Written by Sarah Loogman
How you respond to your workout is much like how we respond to life. If you miss a lift, do you throw a fit? Do you hunch over with hands on your knees or walk away from the barbell as you try to catch your breath? Do you cringe when you’re uncomfortable, do you quit? When the workout is over, do you lay out and writhe around on the floor?
When circumstances of our environment bring us down, we often feel the “right” to react a certain way. If someone mistreats us, we feel justified in our anger. When we have car trouble, we reason that we have permission to be short with our family, friends or spouse because of the stress we’ve come under. We feel the right to wallow in our grief when we lose something valuable to us. But the underlying fallacy to all of this emotional entitlement is that we are controlled by our environment. You are in control.
The way you carry yourself when you face challenge and hardship, whether it’s in life or CrossFit, has a direct impact on your perception of the situation. Your posture matters. It’s impossible to feel strong when you’re cowered down. When your head is down or your eyes are closed, you can’t evaluate the situation around you. When you run away from your uncomfortable circumstances, it requires much more fight to come back. Don’t quit on your own life.
On the other hand, when we keep our stand despite our adversities, it in turn gives us confidence. These fundamentals are simple, but they won’t be easy:
Respect your failures. You will not always PR and you will not always make every lift or crush every workout. Sometimes, things just don’t go the way we want them to. When we react in anger to our own shortcomings, we miss valuable lessons. Experience the experience, void of your own judgements.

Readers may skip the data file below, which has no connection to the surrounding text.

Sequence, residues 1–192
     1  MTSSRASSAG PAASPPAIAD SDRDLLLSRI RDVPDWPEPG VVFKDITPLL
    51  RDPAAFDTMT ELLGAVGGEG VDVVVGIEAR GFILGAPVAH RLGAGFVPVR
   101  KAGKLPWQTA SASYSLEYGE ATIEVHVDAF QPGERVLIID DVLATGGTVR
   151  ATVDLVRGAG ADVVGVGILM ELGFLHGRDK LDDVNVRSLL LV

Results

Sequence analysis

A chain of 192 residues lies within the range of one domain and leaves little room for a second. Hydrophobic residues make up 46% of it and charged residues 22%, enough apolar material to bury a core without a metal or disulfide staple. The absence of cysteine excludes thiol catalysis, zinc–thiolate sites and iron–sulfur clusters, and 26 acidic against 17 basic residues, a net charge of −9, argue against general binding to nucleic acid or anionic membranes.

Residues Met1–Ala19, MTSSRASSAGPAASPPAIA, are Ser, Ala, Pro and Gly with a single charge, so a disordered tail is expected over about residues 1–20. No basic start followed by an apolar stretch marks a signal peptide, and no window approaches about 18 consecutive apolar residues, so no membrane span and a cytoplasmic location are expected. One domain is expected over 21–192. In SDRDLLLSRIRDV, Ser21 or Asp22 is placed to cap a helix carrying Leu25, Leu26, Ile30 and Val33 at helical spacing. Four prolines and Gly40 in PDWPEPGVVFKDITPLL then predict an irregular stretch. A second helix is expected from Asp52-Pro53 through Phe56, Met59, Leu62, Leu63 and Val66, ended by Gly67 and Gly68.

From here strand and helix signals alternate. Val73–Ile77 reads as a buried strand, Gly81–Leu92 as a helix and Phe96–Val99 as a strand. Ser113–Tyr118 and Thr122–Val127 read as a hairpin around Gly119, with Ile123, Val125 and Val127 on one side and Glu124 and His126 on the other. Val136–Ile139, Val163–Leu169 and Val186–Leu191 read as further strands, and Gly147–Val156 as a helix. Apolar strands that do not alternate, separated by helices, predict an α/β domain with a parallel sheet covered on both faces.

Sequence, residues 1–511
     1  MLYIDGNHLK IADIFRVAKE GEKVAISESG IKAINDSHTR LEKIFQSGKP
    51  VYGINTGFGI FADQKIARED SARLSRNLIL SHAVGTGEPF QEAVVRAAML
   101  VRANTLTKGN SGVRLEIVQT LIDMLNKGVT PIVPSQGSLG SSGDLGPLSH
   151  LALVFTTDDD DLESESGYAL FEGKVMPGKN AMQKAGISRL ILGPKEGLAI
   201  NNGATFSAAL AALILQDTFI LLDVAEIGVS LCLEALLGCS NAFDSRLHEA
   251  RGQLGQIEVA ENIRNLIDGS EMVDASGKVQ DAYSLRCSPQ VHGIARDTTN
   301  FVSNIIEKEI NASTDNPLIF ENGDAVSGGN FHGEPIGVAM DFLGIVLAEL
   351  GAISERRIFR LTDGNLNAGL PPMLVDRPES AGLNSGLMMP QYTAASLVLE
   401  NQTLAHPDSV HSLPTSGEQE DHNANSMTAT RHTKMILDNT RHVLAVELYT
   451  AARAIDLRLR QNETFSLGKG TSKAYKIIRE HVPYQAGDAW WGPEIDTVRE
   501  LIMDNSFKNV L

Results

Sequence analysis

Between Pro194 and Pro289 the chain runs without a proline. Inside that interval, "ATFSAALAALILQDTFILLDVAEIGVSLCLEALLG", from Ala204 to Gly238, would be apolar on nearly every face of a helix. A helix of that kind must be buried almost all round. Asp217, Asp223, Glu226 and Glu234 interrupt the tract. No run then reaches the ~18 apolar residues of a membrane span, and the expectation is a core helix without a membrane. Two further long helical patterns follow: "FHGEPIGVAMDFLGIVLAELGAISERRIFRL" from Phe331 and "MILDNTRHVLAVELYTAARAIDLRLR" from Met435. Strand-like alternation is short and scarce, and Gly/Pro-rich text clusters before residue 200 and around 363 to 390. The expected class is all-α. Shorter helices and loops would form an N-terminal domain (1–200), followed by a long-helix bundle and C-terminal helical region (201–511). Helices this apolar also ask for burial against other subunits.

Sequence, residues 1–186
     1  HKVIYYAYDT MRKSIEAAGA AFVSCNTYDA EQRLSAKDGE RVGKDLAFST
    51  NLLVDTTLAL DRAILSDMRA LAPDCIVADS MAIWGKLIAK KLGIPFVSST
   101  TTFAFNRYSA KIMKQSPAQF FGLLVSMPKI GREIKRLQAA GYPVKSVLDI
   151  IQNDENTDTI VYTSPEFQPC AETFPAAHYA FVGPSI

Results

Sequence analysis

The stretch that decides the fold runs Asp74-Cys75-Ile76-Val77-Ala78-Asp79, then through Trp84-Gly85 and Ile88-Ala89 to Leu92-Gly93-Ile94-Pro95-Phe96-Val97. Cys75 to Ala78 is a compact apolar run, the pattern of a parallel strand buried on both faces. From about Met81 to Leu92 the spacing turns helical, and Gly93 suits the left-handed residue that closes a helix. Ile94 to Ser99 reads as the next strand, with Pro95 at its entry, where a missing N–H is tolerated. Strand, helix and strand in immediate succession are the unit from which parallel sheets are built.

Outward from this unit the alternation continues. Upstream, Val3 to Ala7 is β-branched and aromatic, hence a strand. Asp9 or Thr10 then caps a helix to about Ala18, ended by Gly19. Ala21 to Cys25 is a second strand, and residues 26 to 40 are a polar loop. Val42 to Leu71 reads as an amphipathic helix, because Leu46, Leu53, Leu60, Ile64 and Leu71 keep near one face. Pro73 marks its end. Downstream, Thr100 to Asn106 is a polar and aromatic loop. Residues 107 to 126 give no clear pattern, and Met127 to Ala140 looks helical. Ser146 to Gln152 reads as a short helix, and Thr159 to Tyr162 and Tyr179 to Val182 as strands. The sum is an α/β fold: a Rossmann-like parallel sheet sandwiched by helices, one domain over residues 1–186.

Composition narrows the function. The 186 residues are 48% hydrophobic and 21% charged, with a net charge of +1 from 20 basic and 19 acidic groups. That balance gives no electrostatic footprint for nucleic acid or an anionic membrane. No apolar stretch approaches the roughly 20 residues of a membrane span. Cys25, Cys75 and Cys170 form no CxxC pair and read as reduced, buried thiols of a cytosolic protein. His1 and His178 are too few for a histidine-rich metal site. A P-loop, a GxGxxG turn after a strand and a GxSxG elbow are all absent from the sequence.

Keep your shins at the bar. Walking away from the barbell doesn’t change the fact that you still have work to do. Separating yourself from your challenges, responsibilities, and the task at hand will never remove the situation itself. Eventually, you will have to go back and you will have wasted your energy in your wandering.
Stand up. When you hunch over with your head between your knees mid workout, you look weak and therefore you will feel weaker. Never allow defeat to overtake you, as hard as it may be to remain tall. In the face of adversity, pull your shoulders back and keep your head high. Create your confidence.
Stay off the floor. How you carry yourself after challenge is just as important as how you carry yourself through the experience itself. Life moves on. You don’t need to lie down to prove to everyone how hard you worked and if you could stand through your final rep, you can stand to do absolutely nothing. The best way to recover from hardship is to keep moving forward.
Relax your face. If you fake frown for long enough, you’re eventually going to feel grumpy. When you wrinkle your face in pain, you only feel more pain. Again, you don’t need to prove to anyone how hard you’re working by appearing to suffer more. Keep peace in your countenance.